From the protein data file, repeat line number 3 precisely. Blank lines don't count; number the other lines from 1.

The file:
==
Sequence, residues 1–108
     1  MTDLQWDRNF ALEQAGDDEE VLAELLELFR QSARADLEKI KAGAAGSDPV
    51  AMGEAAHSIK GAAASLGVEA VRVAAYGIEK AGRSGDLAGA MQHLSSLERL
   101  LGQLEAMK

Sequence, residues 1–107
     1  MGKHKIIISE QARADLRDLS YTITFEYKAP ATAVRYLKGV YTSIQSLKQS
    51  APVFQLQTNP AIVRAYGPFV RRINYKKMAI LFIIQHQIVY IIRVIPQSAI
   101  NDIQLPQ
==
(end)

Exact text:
    51  AMGEAAHSIK GAAASLGVEA VRVAAYGIEK AGRSGDLAGA MQHLSSLERL